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Presidential Pardons

2012 Pardoned Turkeys

In 2012, President Obama pardoned Cobbler and Gobbler. Watch the full video below:

Origins

Each year since 1947, the National Turkey Federation and the Poultry and Egg National Board have given a turkey to the President of the United States at a White House ceremony. Since then, presidents have been more likely to eat the turkey rather than give it a reprieve. A notable exception occurred in 1963, when President Kennedy, referring to the turkey given to him, said, "Let's just keep him." It wasn't until the first Thanksgiving of President George H.W. Bush, in 1989, that a turkey was officially pardoned for the first time.

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Where will the turkeys go after the pardon?

After the ceremony at the White House, both of the turkeys will be taken to George Washington's Mount Vernon Estate, Museum and Gardens in nearby Virginia, where they will live out the remainder of their lives. The pardoned turkey will be part of the Christmas display, where it is a "popular draw," says Rebecca Aloisi, vice president of marketing at Mount Vernon.

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Tad Lincold and Jack the turkey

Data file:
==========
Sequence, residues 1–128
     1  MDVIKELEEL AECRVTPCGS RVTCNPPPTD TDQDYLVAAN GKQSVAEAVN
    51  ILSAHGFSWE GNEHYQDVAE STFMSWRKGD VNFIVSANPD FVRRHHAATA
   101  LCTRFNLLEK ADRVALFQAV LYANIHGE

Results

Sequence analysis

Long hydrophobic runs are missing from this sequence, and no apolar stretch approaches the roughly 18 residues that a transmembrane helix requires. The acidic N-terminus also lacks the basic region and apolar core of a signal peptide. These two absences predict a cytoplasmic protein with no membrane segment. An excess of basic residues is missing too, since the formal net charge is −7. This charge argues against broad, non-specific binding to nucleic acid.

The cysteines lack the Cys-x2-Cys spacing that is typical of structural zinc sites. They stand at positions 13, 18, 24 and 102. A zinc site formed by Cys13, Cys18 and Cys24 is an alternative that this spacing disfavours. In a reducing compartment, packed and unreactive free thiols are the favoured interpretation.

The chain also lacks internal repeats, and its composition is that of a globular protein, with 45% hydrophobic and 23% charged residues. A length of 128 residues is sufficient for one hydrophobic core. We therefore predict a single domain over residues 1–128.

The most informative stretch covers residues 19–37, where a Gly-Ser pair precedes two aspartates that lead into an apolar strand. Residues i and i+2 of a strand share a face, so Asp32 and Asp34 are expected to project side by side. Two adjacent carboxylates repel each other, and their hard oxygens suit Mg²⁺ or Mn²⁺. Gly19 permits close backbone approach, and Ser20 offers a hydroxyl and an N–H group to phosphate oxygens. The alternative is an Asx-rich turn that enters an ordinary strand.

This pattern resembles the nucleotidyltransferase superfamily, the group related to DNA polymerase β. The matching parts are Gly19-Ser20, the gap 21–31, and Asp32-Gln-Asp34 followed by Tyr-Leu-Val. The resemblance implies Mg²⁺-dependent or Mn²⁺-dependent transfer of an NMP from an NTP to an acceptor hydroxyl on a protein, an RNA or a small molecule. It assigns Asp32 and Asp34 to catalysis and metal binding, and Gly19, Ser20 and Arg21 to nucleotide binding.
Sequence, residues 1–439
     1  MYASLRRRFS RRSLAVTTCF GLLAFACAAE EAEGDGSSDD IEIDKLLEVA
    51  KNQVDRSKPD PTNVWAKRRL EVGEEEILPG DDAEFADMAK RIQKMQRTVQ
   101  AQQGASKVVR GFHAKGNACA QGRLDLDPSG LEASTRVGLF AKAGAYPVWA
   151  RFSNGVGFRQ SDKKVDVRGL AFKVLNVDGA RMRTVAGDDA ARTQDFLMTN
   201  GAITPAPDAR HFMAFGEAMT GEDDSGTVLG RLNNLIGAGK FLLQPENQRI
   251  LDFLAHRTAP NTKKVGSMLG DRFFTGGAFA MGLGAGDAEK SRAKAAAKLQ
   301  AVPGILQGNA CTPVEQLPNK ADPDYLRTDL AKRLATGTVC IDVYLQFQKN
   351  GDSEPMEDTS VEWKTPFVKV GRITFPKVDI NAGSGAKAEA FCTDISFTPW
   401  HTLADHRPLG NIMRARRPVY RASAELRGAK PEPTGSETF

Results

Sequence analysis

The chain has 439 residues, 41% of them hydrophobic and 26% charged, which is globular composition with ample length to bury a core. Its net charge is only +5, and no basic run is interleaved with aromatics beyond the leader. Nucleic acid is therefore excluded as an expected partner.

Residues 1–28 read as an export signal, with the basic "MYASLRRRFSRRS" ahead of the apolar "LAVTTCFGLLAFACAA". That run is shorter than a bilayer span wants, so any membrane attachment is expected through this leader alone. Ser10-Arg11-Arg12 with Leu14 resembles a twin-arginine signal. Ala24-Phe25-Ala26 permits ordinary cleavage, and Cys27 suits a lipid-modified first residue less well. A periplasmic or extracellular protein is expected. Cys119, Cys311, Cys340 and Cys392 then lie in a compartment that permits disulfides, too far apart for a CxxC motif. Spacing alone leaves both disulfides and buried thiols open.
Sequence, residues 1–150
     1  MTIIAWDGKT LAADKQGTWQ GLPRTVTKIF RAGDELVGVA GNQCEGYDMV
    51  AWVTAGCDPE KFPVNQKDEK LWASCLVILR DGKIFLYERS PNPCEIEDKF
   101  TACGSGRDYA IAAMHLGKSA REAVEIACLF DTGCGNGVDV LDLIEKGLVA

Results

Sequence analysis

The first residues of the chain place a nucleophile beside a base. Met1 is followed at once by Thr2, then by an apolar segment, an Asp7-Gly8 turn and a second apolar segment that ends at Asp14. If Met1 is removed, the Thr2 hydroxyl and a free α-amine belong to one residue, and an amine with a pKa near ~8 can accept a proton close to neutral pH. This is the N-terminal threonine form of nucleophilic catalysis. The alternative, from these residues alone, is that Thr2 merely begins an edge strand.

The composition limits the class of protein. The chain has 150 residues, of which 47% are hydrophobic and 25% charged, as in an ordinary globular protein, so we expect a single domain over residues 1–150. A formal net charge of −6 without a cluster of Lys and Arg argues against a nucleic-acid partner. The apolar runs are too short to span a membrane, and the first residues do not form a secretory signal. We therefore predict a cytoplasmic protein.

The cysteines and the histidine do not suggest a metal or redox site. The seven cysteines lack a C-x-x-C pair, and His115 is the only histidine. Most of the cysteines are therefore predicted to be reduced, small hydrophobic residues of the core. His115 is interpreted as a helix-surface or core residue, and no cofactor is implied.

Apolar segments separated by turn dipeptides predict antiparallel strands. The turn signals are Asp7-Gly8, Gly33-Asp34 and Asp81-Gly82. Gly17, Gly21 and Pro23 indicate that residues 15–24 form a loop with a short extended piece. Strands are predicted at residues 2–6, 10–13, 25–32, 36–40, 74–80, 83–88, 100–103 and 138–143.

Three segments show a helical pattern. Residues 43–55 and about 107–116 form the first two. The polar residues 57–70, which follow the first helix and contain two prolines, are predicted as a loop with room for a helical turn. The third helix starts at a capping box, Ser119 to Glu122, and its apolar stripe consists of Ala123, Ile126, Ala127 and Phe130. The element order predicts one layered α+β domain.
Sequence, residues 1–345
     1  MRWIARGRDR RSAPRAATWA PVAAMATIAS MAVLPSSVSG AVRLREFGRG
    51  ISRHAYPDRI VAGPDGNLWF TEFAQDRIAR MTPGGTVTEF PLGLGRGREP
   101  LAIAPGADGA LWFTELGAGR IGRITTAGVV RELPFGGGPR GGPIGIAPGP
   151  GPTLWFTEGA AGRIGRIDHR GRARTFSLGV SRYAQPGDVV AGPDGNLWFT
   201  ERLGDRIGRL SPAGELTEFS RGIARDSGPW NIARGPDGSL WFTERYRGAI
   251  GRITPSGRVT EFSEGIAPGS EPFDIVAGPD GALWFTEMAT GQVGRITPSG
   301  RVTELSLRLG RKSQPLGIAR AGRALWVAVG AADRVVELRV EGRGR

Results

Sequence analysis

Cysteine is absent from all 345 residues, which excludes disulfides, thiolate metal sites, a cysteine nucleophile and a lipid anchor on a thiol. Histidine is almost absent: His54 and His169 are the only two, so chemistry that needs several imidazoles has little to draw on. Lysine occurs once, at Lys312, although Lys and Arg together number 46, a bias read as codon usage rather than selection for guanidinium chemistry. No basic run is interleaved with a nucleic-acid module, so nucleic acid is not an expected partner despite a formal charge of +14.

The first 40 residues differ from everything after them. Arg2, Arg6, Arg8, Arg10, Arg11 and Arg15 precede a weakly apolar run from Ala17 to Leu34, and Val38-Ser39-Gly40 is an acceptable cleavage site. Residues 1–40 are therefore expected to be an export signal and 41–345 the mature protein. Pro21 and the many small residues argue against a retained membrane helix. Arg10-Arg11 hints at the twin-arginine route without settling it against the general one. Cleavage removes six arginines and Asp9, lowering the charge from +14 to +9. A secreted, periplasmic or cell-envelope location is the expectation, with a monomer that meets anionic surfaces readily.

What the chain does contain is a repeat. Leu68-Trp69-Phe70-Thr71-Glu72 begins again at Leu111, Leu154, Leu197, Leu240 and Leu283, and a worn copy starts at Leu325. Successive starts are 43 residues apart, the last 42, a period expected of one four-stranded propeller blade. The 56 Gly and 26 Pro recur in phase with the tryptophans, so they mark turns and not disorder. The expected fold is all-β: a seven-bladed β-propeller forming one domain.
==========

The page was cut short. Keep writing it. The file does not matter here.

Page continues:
Late in 1863 a live turkey was sent to the White House for the Lincoln family to feast on during the holidays. Tad Lincoln, age 10, quickly befriended the bird. Tad taught the turkey to follow him as he walked around the White House grounds. The turkey was named Jack, and Tad fed him as a pet. When the time neared to prepare the turkey for the Christmas meal, Tad burst into one of his father's Cabinet meetings. He was crying loudly. Tad told his dad that Jack was about to be killed, and that he had obtained a temporary delay from the "executioner" so he could put Jack's case before the president. Tad said, "Jack must not be killed; it is wicked." President Lincoln replied, "Jack was sent here to be killed and eaten...I can't help it." Tad, still sobbing, said, "He's a good turkey, and I don't want him killed." Abraham Lincoln, president of the United States of America, paused in the midst of the Cabinet meeting. He took out a card, and on it he wrote an order of reprieve. Jack's life was to be spared, and Tad raced out of the Cabinet meeting to show the presidential order to the "executioner."

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